By contrast, four of the five other large cities which were once capitals of metropolitan counties - the 'met cities' of Birmingham, Liverpool, Newcastle and Sheffield - lost population in both study periods. Only Leeds, a vast local authority that, unlike Manchester, includes outlying and semi-rural neighbourhoods, gained people between 1991 and 1997. And even there, a net 1,100 left between 1997 and 2003. Manchester is the only met to have gained population since 1997.
"The rate of population growth in the last four years has been even greater," says Manchester City Council leader Richard Leese. "There's been a number of factors: regeneration projects like Hulme, and our work on the 24-hour city, which means getting people to live in the city, rather than just partying there. We've had people with a lot of entrepreneurial spirit here: Tom Bloxham of Urban Splash is a well-known figure, but there's others too, like property developer Carol Ainscow, who are perhaps less well known. There's been a couple of dozen of edgy and interesting people around who were willing to work with us."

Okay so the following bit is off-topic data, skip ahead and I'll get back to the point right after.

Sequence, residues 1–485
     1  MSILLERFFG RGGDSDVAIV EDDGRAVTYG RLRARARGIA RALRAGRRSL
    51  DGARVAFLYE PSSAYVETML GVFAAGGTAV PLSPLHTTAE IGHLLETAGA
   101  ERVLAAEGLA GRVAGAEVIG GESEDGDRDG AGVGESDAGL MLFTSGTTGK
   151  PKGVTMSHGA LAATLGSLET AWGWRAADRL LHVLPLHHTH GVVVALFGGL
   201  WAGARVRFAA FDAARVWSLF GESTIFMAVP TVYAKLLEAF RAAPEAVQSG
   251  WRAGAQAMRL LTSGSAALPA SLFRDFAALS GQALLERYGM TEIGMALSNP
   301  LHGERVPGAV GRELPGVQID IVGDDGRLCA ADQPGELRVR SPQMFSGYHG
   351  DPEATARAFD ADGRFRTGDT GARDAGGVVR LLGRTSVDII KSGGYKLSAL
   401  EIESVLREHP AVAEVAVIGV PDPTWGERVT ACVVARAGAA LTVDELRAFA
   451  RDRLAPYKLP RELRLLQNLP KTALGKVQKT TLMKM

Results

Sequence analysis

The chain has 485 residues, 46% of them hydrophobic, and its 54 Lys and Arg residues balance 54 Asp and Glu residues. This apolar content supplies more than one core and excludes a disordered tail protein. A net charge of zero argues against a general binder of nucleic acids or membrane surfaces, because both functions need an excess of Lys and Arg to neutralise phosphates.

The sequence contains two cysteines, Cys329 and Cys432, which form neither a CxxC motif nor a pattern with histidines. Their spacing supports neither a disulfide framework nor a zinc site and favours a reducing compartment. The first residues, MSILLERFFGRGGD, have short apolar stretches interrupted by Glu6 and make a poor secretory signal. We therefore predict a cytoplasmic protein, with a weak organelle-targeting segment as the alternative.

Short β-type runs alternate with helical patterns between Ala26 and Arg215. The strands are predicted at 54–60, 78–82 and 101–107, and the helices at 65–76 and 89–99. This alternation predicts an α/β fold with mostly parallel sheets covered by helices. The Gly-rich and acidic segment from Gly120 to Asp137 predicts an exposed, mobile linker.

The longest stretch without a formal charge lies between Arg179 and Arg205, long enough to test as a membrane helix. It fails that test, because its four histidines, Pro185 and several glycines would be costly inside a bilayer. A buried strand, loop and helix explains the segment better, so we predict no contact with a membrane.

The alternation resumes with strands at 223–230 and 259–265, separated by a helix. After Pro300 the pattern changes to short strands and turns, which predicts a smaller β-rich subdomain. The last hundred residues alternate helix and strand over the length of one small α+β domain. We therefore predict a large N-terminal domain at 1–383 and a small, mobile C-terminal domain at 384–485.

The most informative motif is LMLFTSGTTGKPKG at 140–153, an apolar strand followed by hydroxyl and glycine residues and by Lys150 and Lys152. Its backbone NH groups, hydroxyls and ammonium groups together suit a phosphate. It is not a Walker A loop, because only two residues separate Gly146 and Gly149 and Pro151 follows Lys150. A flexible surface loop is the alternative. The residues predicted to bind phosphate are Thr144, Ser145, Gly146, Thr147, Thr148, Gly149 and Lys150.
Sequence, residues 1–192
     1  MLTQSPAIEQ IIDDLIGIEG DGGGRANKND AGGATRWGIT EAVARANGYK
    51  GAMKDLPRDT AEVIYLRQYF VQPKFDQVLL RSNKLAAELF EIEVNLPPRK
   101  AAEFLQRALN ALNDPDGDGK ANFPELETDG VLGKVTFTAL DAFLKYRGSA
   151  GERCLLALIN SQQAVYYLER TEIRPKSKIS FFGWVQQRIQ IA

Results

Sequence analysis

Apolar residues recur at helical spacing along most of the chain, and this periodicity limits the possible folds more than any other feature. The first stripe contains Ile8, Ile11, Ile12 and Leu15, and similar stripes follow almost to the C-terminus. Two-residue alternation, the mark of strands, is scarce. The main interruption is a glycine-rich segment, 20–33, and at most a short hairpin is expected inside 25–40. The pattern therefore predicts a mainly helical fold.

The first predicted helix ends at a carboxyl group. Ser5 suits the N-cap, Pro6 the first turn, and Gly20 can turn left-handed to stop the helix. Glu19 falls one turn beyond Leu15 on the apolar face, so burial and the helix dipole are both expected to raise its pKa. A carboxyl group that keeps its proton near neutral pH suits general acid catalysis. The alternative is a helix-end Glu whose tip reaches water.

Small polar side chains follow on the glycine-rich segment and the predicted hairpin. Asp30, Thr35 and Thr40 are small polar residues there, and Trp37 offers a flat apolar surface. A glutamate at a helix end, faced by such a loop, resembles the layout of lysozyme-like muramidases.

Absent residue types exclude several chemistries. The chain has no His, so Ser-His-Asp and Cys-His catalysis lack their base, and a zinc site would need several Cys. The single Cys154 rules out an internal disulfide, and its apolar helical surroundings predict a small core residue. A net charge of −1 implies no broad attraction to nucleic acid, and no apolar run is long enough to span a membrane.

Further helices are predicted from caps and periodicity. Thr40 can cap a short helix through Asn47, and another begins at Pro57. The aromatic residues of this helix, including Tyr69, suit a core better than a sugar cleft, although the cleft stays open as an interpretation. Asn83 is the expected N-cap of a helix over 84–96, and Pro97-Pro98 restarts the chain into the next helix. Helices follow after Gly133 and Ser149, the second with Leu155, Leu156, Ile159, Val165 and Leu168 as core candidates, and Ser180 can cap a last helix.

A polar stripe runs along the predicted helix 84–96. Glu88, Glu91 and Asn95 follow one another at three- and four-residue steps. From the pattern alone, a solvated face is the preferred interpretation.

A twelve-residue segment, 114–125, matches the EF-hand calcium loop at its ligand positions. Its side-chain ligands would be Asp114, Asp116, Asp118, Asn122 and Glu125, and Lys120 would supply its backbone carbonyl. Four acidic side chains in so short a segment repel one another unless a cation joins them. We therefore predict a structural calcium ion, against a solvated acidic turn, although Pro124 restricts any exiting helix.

Elsewhere in metropolitan England, the picture is less clear cut - but still encouraging. There was a net influx of 400,000 into London between 1997 and 2003: the city's growth is taken for granted today, but it was dying during the 1980s. "The most impressive feature of population change over the past two decades has been London's upward trajectory from decline to ... accounting for a third of national growth," the report says.